Claire Oligny was 13 years old when her mother told her she was adopted. Now 78, she still spends her days scouring the internet, trying to find out if she has brothers and sisters.
"But my mother, the one who adopted me, she never wanted to talk about it," said Oligny, who now lives in a seniors' complex on Montreal's South Shore.
Lacking details about her biological family, Oligny has spent over 30 years searching for more information.
Quebec has had a reputation of secrecy around adoption records in the past. Last year, the province opened the door a crack by allowing adoptees to learn the names of their birth parents once they had died.
That's how Oligny got the name of her birth mother, who died in 2017. She laments the fact that she was never able to meet her while she was still alive.
As of June 16, the Quebec government has now opened that legislation a little further. The new regulations give adoptees the right to learn their birth name and the names of their biological parents, unless their parents expressly asked the government to withhold that information before the new regulation took effect.
"We've been fighting for this for years," said Lise Émond, a spokesperson for the Mouvement Retrouvailles, a Quebec non-profit that helps adoptees search for their biological parents.
Émond, who was adopted herself, said around 33,000 people have requested information from their adoption records, and the province is months behind schedule in processing those requests.
Quebec Justice Minister Sonia Lebel did not respond to a request for comment.
The Quebec agency that oversees adoption records in the province said they can't give an estimate for how long it will take for the requests to be processed.
"Each request is processed as swiftly as possible, making sure the information given to the person is exact," the agency, Info-adoption, said in a statement.
"I just want to tell people to be patient, but they will take your demand," said Émond recently on CBC Montreal's Daybreak.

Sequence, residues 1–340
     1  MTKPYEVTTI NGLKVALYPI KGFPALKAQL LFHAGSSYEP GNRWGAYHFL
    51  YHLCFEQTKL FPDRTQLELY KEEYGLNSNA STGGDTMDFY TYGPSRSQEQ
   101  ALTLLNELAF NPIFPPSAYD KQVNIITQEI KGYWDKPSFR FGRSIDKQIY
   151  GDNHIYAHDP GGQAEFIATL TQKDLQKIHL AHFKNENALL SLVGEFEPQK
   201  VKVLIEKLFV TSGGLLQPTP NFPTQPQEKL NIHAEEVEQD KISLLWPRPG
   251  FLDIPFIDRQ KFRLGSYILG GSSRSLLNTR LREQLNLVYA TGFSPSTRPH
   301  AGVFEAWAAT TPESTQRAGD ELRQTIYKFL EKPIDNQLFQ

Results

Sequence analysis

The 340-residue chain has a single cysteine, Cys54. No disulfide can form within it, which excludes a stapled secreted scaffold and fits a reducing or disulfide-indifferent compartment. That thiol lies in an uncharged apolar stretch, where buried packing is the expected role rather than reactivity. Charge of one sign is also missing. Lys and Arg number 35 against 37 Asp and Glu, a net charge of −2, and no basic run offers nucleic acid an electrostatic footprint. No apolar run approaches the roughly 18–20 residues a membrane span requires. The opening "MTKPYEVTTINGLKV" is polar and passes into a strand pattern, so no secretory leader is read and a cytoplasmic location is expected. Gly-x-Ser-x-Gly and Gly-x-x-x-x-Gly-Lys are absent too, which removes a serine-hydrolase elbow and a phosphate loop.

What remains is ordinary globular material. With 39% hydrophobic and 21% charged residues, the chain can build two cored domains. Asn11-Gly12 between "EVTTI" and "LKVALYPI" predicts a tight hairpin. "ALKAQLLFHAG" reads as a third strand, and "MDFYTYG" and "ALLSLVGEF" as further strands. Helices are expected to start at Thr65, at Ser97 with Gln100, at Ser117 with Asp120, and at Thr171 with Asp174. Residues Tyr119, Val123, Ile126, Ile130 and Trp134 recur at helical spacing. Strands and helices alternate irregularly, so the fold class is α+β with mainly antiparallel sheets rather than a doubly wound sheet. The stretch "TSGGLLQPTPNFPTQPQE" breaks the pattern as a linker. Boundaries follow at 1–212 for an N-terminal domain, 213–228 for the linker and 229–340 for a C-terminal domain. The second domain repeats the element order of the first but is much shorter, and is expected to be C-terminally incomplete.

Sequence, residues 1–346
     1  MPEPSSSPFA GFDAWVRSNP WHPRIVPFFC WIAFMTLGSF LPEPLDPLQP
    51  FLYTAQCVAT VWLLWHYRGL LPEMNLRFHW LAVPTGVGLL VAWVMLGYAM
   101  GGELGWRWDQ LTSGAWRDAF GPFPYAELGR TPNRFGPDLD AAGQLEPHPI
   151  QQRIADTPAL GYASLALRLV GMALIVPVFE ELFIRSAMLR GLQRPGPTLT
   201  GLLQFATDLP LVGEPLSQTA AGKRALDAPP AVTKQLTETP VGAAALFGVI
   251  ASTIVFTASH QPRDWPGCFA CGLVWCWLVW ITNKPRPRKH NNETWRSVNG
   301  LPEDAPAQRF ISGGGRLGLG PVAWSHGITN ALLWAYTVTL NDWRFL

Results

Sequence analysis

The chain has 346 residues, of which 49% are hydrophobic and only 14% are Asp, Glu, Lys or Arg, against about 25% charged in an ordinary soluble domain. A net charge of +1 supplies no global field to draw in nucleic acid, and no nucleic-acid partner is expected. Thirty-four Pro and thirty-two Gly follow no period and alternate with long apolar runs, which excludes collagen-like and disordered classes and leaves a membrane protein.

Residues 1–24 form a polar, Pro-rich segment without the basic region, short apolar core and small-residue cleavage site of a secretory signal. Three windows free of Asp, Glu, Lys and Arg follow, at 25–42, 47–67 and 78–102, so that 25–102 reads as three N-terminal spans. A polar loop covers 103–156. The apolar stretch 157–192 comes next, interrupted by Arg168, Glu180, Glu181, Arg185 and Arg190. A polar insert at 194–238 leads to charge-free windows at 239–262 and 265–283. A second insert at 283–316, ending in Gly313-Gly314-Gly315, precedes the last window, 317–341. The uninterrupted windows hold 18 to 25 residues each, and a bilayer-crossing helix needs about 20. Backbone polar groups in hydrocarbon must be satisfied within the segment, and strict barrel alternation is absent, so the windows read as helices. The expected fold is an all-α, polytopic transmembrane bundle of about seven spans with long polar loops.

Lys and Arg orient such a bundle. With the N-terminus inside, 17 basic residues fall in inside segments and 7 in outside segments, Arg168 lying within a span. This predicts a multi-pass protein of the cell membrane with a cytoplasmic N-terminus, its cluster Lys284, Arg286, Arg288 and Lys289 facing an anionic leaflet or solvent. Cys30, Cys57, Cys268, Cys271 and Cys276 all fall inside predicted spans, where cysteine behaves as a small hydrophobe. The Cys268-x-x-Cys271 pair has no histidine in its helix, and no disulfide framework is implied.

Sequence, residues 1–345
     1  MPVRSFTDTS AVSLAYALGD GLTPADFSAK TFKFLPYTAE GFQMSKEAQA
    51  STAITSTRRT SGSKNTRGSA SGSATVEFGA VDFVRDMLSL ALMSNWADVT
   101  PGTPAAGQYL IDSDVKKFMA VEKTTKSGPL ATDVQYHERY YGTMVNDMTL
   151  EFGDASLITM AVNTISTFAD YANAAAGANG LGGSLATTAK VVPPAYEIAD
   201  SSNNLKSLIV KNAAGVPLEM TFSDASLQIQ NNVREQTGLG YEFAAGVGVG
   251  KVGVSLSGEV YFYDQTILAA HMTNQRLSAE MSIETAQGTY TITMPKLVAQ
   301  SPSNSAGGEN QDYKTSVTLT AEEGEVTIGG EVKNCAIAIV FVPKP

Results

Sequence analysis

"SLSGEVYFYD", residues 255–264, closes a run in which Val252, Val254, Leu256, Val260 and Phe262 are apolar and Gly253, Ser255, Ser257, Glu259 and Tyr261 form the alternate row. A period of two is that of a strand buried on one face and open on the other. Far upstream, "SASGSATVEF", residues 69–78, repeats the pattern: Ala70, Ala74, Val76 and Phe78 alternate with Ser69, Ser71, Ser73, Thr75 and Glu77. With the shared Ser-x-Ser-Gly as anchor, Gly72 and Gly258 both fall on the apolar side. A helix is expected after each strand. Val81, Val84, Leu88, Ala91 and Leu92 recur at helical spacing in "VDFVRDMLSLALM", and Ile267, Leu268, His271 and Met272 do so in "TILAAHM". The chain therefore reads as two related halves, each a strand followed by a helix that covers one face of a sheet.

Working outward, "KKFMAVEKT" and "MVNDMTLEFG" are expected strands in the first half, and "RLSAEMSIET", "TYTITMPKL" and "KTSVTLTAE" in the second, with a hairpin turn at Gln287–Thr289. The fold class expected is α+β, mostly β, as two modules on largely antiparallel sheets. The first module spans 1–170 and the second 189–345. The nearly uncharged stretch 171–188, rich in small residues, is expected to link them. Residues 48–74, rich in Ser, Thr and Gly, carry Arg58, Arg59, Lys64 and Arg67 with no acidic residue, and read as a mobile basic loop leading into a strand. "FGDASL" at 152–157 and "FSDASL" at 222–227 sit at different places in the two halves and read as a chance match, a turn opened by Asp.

'Probably a long shot'
Laval resident Gilles Boudreau, 63, filed a request to find out his mother's name, the second the new rule came in.
"I was raised by parents that were great. They were very supportive of me. It was a great environment. But I always felt that I was different from them, that there was not a biological connection," Boudreau said.
Boudreau has a pressing reason to want to know more about that biology. His son suffered from severe respiratory issues when he was younger, and spent a lot of time in the hospital.
Boudreau felt helpless when doctors asked him for his medical history. He thinks knowing more about his genetic background would have sped up the diagnosis.
He first began looking for information about his biological mother in the 1980s. Shortly thereafter, he hit a roadblock: a case worker informed him that his mother had likely used a false name on his birth certificate.
Now that Boudreau's decided to give it another shot, he fears he might encounter another dead end.
"If they give me a little more [information], maybe I'll be able to do the search myself," Boudreau said.
"It's probably a long shot at this point."
Still searching for family
Last month, Oligny was given a name, the approximate age of her mother when she gave birth and the year that she died.
Oligny says there is more than one person out there with the same name as her mother, so she is waiting for the results of a DNA test to find out more.
In her online sleuthing, Oligny found someone with the same name as her mother, who died the same year. When she found her, she had a strong feeling that she was her mother.
If that's the case, it means she has four sisters she hasn't even met yet.
"She looks like me anyway," she said. "But you never know."